Sloshy weather and slippery roads in New England
The latest round of wintry weather that moved in Wednesday afternoon and overnight has created slippery roads throughout New England Thursday morning.
Because of the weather, the speed limit on the Mass Pike was reduced to 40 miles per hour.
A combination of sleet and freezing rain were projected to accumulate at amounts ranging between a few hundredths to a tenth of an inch for many areas. All it takes is a trace of this type of precipitation to create slippery travel on untreated surfaces, so drivers should expect some tough travel at times on Thursday, especially north and west of town.
The bottom line? Take it slow on the roads and keep a close eye on your car's thermometer — if it's around 32 degrees and the roads look wet, the surface may actually be icy.
On Wednesday, a burst of snow mixed with some raindrops was expected to change over to all snow between 6 p.m. and 8 p.m. — with the exception of the South Coast and Cape Cod, where any brief snow changed to rain quickly. The steadiest snow was expected to come down between 8 p.m. and 11 p.m. from Boston to Metrowest, and points north and west.
The rain-snow line made northward progress late Wednesday evening and overnight, allowing for a flip to sleet and pockets of freezing rain for many cities and towns. The steadier precipitation will wind down by midday Thursday, though low level moisture is likely to hang around.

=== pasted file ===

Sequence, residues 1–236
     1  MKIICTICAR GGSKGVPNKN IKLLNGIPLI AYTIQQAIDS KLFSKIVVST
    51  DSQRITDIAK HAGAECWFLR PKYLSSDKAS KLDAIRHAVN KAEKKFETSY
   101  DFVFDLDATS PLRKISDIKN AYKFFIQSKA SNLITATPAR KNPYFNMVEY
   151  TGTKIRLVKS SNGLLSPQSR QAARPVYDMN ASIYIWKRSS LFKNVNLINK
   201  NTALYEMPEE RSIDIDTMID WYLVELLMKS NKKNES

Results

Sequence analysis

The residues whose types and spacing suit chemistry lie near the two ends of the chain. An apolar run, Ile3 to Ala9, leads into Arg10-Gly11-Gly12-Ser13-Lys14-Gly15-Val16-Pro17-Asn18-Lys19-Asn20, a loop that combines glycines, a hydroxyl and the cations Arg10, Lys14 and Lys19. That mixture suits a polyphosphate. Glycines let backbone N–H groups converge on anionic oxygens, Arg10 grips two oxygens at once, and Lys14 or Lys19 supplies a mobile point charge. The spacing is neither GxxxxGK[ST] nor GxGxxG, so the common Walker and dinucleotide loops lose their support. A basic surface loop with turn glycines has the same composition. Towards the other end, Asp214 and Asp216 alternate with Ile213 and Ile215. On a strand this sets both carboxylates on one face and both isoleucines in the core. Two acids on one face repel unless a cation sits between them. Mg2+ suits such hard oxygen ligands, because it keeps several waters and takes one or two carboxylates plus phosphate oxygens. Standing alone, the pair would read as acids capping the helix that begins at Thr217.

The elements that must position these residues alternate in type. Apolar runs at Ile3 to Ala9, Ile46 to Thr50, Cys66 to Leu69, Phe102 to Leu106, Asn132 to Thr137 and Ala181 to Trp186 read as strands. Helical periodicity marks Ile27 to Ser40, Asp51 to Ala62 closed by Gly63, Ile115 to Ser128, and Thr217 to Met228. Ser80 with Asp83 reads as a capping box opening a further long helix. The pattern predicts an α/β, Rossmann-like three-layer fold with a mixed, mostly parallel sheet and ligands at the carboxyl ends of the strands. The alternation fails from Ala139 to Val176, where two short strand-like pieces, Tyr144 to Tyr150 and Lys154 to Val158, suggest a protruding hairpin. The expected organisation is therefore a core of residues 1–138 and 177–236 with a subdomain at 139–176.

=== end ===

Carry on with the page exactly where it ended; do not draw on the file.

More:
Some light snow or freezing drizzle may linger into Thursday evening before ending overnight. Continued road treatments will be necessary.
Snowfall totals will generally range from a coating to an inch or so for Boston, down to the South Shore and west to Worcester. North of Boston and over the border to southern New Hampshire, it'll be more like 2 to 4 inches, with amounts increasing the farther north you go into central and northern New England, giving a nice boost for ski and snowmobile country.
Colder, drier air works into the region on Friday, with highs temperatures starting in the 30s and 40s before dropping rapidly into the teens and 20s by evening.
We won't get out of the 20s on Saturday, with wind chill values in the single digits and teens. Any limited sun in the morning will fade behind rapidly increasing clouds — a sign of milder air trying to make a comeback for second half of the weekend. As that transition occurs, some scattered snow showers are likely on Saturday and perhaps again on Sunday, dropping a coating to 2 inches of additional snow by the end of the weekend.
Our active pattern isn't going anywhere with yet another possibility of some wintry weather late Monday into Tuesday and again on Thursday of next week.